Katie Stewart - Mar 2012
Excerpt from “Samuel and the Imugi”, a work in progress, by Katie W Stewart.
Samuel was tired of being different. Every morning he looked in the mirror, hoping that during the night his eyes might have turned blue, his hair might be blond and curly and his nose might have grown a centimetre longer. Every morning he was disappointed. He still had the same ‘funny’ eyes the kids teased him about at school, the same ‘floor brush’ hair and the same ‘squashed’ nose.
His Mum kept telling him he was the most handsome little boy in the whole world and she wouldn’t want him to look any different. He still wished he could look like the other kids in his class.
One Monday, after Mitchell Johnson had been particularly mean to him, Samuel stomped in from school, threw his bag into the corner and shouted, “I’m never going to school again! I wish you’d never adopted me! I want to go back to Korea!”
His mum came out of the kitchen and gave him a big hug. “It sounds like you’ve had a bad day.”
“I don’t want to talk about it!” Samuel yelled, and ran off into the garden. He knew he would tell her later. Right now though, he was too mad to talk.
He ran straight down to the back of the garden where there was a fishpond and an old persimmon tree. Dad told him once that when they decided to adopt a baby they had started looking for a new house. As soon as they saw this persimmon tree in this garden they knew it was the place for them, because it would have a little bit of Korea in the garden for their baby.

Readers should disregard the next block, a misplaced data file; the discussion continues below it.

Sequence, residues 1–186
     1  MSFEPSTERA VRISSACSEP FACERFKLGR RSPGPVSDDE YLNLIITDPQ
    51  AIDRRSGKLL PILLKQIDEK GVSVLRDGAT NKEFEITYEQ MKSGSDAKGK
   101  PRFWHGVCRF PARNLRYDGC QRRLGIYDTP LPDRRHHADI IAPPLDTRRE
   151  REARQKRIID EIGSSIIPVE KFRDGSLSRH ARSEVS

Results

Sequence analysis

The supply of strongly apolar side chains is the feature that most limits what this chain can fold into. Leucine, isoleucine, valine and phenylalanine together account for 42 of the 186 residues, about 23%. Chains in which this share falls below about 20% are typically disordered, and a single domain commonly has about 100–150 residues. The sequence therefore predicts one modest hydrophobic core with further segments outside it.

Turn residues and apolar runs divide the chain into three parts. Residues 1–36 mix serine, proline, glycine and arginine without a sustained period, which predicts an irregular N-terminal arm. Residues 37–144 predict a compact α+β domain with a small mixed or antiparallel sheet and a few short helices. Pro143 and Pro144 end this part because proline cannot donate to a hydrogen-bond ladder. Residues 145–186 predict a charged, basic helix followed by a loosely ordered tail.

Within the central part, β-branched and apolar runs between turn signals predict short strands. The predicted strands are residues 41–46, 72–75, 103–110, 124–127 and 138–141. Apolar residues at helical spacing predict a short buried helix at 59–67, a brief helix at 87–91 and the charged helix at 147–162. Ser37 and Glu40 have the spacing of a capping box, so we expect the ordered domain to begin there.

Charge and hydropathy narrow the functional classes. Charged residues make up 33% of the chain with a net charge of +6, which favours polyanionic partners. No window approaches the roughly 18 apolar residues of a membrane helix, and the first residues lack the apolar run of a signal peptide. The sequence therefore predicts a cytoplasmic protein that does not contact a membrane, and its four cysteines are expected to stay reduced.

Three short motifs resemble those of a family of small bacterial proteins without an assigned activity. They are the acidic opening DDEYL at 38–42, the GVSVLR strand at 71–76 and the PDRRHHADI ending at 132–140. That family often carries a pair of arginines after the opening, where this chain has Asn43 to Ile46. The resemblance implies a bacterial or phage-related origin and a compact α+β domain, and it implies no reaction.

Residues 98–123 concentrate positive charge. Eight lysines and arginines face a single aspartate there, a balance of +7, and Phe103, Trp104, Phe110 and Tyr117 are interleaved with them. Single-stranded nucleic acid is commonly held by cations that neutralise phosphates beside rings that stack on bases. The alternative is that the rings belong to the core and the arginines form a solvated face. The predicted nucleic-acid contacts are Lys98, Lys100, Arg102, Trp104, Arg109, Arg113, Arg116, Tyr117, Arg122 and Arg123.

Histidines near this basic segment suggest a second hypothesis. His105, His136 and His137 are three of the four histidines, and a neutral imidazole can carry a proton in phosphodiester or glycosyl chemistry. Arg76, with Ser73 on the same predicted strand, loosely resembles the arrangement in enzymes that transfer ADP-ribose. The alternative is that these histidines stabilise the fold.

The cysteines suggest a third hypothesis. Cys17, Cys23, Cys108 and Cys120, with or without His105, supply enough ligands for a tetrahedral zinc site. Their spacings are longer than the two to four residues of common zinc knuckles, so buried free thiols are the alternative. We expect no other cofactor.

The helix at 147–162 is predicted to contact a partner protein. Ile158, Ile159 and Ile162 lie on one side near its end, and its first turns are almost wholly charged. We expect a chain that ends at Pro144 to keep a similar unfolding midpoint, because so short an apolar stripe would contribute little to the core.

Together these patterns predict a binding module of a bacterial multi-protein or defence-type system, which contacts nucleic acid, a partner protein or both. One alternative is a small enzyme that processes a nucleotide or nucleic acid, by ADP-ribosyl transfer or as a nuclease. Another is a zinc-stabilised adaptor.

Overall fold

Samuel loved the tree and often sat under it when he was feeling unhappy. Now he plonked himself down on the garden bench under the tree and started throwing small stones against the rocks around the fishpond. One splashed into the water. Suddenly, a head popped out of the pond. It was silvery and scaly, but it wasn’t a fish. The head began to move up into the air, followed by a long skinny body. A snake! Samuel leaped onto the bench.
The snake came right up out of the water. It arched over the edge of the pond and slithered slowly towards him. Samuel watched it, so frightened that he couldn’t move. The snake stopped by the bench, raised its head and looked at him with its big green eyes.
It wasn’t like any snake Samuel had ever seen before, even on television. Its head was flat and its nose was beaky, like an eagle. Its eyes were much bigger than a normal snake’s eyes, and very bright. At the back of its head, it had frills that wafted backwards and forwards as it moved.
Then it spoke.
“Tell me your name,” it ordered.
Samuel gulped. “My name is Samuel.” His voice came out as a croak.
“Samuel?” the snake hissed. “That is not Korean name. What is your Korean name?”
“How do you know I’m Korean?” Samuel asked. Usually, people who didn’t know him thought he was Chinese.
“I am Korean,” said the snake. “My name is Dong Sun. What is yours?” ...